Sunyam Bagga is a second-year Master’s student in Computer Science at McGill. In .txtLAB, he has been working on the Visibility of Knowledge project since October. His research interests involve applying machine learning and natural language processing techniques to study culture, and predict large-scale human behaviour. When he is not doing his research, he is busy playing tennis and poker (which is not gambling!).
Emilienne Greenfield is a PhD student at McGill in the Department of History and Classical Studies, working on 16th and 17th century gardening practices in Europe and New France. She is passionate about all things plants, love learning languages, and transcribing old manuscripts. As part of the lab, Emilienne is currently working as a research assistant for the Visibility of Knowledge project.
Fatoumata (Fatim) Diallo is completing her BA in East Asia Studies with a minor in Political Science at McGill University. As a recent addition to txtLab, Fatim has been assisting with research which attempts to understand the reverberations of prestige in academia. Throughout her studies she has been interested in exploring the relationships between fan cultures, new media and democracy–especially in East Asia.
Eve Kraicer is a recent graduate from McGill University with a BA in Cultural Studies. She is currently the Senior RA at .txtLAB. Eve’s research mainly focuses on applying intersectional feminist theory to computational and statistical analyses of texts. She is the resident txtLAB coffee snob and can also solve a Rubik’s cube really, really slowly.
James Manalad is a 3rd year student doing a joint major in Physics and Computer Science. He is responsible for cleaning heaps and piles of text collections, and uploading them to the txtLAB database. He also provides some support to the Journal of Cultural Analytics and tender loving care for the computers in txtLAB.
Anne Meisner (“Anne” pronounced like “on a boat”) is a fourth year Computer Science and Linguistics double major with an English Literature minor who makes a mean zucchini loaf! Anne’s research at .txtLAB involves natural language processing, text mining, and computational analysis. Her projects right now are focused on uncovering institutional biases in print and visual media. Outside of Sherbrooke 688, Anne likes talking about her home state of Minnesota, playing video games, and trying to keep her ferns alive. Come by the lab for a chat together over coffee!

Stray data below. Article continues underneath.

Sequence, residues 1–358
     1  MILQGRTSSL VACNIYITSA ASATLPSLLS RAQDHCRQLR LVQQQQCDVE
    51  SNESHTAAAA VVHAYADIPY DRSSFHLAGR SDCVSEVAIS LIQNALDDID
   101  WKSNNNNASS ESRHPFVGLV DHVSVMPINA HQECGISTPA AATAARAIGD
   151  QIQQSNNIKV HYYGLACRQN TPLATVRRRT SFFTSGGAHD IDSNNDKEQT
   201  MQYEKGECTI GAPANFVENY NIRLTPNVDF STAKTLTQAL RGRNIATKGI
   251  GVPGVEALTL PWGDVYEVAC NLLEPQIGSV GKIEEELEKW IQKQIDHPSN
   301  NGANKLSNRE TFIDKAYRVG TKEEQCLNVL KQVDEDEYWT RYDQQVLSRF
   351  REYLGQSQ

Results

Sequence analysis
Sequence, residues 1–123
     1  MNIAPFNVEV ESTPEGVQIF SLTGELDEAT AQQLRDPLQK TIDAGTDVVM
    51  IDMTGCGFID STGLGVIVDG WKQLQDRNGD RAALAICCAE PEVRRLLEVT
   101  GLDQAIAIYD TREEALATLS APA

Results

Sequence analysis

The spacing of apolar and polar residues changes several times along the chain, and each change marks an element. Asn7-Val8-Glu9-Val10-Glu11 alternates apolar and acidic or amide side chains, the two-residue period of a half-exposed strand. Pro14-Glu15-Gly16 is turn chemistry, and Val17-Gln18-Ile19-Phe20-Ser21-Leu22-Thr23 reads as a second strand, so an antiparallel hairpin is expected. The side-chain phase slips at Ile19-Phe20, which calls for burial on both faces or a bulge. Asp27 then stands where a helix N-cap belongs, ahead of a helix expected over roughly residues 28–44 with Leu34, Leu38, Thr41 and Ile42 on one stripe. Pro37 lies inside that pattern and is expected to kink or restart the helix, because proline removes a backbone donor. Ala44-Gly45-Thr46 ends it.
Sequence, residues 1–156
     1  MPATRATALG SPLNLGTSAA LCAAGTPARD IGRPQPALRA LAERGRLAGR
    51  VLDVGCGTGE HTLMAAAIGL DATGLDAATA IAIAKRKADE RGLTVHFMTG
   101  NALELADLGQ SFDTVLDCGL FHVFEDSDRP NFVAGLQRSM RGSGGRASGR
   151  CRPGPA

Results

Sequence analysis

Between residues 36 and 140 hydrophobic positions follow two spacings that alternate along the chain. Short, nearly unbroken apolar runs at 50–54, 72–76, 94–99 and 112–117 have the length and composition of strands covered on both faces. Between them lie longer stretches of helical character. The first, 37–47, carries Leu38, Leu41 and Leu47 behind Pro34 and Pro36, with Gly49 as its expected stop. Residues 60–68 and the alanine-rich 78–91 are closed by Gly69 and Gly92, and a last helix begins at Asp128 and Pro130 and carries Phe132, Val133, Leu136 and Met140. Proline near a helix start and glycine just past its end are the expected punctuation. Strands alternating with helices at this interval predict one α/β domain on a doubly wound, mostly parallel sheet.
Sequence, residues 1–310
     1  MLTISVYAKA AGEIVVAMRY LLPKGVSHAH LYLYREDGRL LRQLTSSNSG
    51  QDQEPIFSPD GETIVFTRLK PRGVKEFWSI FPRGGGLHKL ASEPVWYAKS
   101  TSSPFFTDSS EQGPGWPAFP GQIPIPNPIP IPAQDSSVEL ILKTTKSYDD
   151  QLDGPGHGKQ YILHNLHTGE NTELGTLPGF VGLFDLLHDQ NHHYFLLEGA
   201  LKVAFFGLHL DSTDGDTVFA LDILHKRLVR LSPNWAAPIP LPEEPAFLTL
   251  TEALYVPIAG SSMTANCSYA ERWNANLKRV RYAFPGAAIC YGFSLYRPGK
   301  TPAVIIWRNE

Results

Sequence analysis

Jack Moncado is a second year student majoring in biochemistry or bio-organic chemistry (he isn’t sure yet). He has been a research assistant at .txtLab for several months now and is still confused by all the similarly named Parisian universities. His research centres around citation biases in academia and he enjoys eating food, cooking food and soccer – interests that he attributes to his Italian heritage. He would like to one day be a professor and hopes to model himself after Albert Einstein, though their greatest similarity will likely be disheveled hair.
Isabella Nikolaidas is a fourth-year student at McGill majoring in Linguistics with minors in Sociology as well as Computer Science. She has been working with .txtLAB since September and is very excited about continuing to deepen my understanding of cultural phenomena and biases through quantitative data analysis. Isabella loves pancakes, pranks, and when her scripts compile.
Brian Powell is a third-year undergraduate student majoring in Mathematics with a minor in Computer Science. His current research projects investigate inequality in professional sports drafts and the citations of academic articles. He is a Montreal native whose passions include Liverpool FC, Ultimate Frisbee, and the works of George Gershwin. He also loves puns, Catch-22, and spewing useless Springsteen trivia!
Will Schumer is a first year student at McGill University in the English Cultural Studies and Art History programs. At .txtLab, he is working on a project analyzing biases in academic citations. Outside of that, he is interested in named entity recognition for spatial analysis. When not in the lab, he likes spending too much money on film media, and enjoys watching Fassbinder films.
Vicky Svaikovsky just completed her undergrad McGill, completing a double major in Linguistics and in French Literature, but don’t ask her anything about French literature (she doesn’t know). She is currently working on a research project at .txtLAB called Racial Lines that aims to understand racial and ethnic representation in Hollywood films through text mining, natural language processing, computational analysis, and statistical analysis. She is interested in sociolinguistics, language acquisition, and yelling about French bulldogs.
Lisa Teichmann is a PhD student in German and part of .txtLAB at the Department of Languages, Literatures, and Cultures at McGill University. She holds an MA in Middle Eastern Studies from Leiden University and a BA in Oriental Studies from the University of Vienna. Her research focuses on the question of how computational text analysis methods and tools can form a repository for cross-cultural comparative literary analysis. Her research interests focus on literary geography, prestige and canonicity in literary education, reading, and translational literature.
Beata Skazinetsky recently moved to Montreal from Toronto, where she worked in the project management field for many years. When she’s not busy at work, she loves curling up with a good book and a hot cup of tea, or discovering some of the amazing restaurants that this city has to offer!